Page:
Famous associations have offered masters the perfect platform to design fantasy environments, says Chris Hall
Caligula throwing a party ,” was how the funk musician Rick James described the famous Studio 54 in New York, which opened in 1977. There was a cocaine snorting” Man and the Spoon” aspect that they are able to condescend from the ceiling where needed, there were stockpiles of cash in the back area, unisex showers and stunts like Bianca Jagger riding a horse on the dancefloor is presided over by a naked follower covered in gold glitter.
The key thing about Studio 54, which features in a new show about world-wide team culture at Vitra Design Museum, was its adaptability. It could become a different fiction situation to act as backdrop for the outrageous attires and theatre of the working party goers- such as when four tonnes of glitter were plunged from the club’s ceiling on New Year’s Eve or when the fashion designer Valentino had a circus-themed birthday party with sand and mermaids on trapezes.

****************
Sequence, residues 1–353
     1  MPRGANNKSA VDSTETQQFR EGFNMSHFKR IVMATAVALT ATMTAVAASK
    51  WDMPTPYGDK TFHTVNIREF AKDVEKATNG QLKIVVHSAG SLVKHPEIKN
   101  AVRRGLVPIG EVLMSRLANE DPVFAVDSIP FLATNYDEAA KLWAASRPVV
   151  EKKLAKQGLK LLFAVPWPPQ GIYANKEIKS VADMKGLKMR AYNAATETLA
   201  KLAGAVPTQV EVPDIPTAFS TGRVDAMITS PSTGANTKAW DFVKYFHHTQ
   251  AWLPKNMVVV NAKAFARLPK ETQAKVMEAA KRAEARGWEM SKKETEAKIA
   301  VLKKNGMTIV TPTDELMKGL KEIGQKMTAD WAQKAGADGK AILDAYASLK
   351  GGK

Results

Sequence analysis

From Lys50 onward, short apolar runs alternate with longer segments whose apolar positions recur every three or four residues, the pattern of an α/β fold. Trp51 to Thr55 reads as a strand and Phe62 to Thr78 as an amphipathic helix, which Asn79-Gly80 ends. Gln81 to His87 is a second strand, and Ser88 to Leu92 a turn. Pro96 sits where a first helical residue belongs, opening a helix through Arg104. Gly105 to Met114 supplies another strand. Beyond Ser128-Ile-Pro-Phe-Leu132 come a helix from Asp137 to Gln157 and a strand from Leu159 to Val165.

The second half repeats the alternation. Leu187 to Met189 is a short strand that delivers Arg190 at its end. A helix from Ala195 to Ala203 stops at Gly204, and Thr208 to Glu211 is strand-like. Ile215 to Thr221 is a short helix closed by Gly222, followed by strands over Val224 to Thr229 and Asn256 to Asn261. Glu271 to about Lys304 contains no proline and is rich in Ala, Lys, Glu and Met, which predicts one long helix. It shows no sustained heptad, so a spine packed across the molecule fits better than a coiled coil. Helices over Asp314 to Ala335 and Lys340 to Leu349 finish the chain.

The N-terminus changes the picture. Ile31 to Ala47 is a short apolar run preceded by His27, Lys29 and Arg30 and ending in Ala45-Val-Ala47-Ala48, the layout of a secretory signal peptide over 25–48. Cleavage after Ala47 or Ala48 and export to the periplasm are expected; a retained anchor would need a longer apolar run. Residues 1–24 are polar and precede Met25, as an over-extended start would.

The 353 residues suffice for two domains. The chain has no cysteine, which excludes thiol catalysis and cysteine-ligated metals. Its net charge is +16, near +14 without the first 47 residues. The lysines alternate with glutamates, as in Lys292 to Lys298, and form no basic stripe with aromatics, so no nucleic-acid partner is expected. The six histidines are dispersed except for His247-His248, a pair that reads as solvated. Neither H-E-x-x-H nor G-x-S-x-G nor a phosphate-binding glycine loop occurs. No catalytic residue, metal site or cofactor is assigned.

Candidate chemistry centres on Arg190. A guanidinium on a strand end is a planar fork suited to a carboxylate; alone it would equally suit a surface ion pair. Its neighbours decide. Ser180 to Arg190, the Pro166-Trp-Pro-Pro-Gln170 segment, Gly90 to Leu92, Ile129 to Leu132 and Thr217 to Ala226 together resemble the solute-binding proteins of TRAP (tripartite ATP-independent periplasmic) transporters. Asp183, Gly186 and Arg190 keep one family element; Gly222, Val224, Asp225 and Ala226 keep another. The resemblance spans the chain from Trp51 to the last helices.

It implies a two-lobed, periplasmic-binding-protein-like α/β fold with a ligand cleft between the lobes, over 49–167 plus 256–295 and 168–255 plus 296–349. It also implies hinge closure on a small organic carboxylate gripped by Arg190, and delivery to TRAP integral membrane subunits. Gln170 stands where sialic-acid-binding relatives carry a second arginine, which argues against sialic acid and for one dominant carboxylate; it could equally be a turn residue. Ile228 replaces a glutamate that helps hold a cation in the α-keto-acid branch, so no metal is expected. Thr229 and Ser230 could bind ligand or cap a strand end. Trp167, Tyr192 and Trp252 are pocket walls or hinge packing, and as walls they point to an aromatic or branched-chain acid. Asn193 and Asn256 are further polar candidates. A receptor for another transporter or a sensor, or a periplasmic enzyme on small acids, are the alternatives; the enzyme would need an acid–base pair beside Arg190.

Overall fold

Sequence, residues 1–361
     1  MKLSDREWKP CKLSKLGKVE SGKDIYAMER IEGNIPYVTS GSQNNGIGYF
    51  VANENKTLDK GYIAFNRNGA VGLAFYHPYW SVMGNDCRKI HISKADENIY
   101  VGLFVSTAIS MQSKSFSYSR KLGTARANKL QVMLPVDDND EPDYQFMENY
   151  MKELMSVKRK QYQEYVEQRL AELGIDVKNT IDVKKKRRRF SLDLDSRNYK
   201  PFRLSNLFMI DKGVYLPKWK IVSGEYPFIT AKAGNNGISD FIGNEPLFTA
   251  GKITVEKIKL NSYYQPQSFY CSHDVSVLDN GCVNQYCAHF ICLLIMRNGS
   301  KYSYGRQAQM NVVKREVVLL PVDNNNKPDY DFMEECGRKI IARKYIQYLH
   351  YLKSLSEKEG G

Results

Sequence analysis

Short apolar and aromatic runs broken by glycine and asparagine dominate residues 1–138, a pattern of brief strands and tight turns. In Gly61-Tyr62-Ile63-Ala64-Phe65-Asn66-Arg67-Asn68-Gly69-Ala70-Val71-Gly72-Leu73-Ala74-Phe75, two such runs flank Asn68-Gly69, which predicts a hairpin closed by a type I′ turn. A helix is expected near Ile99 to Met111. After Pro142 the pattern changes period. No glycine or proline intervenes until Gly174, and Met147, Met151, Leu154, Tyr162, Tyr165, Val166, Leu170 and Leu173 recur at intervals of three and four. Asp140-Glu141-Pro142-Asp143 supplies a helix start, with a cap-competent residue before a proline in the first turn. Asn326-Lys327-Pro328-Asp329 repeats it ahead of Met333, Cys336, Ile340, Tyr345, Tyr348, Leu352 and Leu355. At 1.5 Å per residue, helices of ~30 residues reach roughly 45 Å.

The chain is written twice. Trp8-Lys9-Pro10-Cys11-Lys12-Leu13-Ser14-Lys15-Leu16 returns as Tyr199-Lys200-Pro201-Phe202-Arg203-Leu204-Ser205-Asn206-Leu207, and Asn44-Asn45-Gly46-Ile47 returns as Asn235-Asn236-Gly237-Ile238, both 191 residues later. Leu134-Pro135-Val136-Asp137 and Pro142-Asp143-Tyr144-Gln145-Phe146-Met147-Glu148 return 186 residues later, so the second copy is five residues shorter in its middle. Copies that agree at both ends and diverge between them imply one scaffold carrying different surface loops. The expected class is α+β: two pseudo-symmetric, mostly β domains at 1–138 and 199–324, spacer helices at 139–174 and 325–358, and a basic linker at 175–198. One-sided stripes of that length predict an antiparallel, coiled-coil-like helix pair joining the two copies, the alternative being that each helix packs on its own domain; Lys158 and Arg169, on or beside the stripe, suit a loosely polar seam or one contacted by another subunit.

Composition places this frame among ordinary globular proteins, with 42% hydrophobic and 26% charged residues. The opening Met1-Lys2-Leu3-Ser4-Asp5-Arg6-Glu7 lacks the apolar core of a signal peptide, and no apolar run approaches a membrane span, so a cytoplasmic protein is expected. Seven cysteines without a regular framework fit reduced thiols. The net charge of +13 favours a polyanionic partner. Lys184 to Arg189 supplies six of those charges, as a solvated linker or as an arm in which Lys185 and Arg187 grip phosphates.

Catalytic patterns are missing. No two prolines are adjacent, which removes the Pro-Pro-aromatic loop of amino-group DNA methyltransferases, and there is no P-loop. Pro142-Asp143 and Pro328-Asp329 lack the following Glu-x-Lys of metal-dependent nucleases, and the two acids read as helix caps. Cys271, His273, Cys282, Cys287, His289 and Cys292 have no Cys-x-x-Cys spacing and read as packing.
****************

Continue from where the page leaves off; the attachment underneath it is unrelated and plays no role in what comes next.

” The 60 s and 70 s visualized the rise of the idea that you don’t blueprint a nightclub, you fetching the negligible layout components to make a nightclub ,” says Catharine Rossi, a designing historian at Kingston University, who has co-curated the exhibition.” What’s important is not the physical opening- certainly the nightclub is just a container. Clubs are made through igniting and sound, psychotropic drugs and beings .”
Read more: www.theguardian.com